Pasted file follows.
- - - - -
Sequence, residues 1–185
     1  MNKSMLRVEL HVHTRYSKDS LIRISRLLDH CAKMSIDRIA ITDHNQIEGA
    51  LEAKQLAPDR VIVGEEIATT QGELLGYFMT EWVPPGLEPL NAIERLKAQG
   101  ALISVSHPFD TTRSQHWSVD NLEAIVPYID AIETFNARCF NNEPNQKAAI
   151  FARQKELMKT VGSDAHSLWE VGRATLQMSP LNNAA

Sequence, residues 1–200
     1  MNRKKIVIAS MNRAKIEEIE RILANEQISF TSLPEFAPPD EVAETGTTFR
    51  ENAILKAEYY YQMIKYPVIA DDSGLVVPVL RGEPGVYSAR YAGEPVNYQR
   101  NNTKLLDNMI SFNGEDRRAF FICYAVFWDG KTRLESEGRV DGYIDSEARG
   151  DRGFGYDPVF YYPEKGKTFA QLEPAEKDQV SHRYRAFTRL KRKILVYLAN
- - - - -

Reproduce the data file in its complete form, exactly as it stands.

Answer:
Sequence, residues 1–185
     1  MNKSMLRVEL HVHTRYSKDS LIRISRLLDH CAKMSIDRIA ITDHNQIEGA
    51  LEAKQLAPDR VIVGEEIATT QGELLGYFMT EWVPPGLEPL NAIERLKAQG
   101  ALISVSHPFD TTRSQHWSVD NLEAIVPYID AIETFNARCF NNEPNQKAAI
   151  FARQKELMKT VGSDAHSLWE VGRATLQMSP LNNAA

Sequence, residues 1–200
     1  MNRKKIVIAS MNRAKIEEIE RILANEQISF TSLPEFAPPD EVAETGTTFR
    51  ENAILKAEYY YQMIKYPVIA DDSGLVVPVL RGEPGVYSAR YAGEPVNYQR
   101  NNTKLLDNMI SFNGEDRRAF FICYAVFWDG KTRLESEGRV DGYIDSEARG
   151  DRGFGYDPVF YYPEKGKTFA QLEPAEKDQV SHRYRAFTRL KRKILVYLAN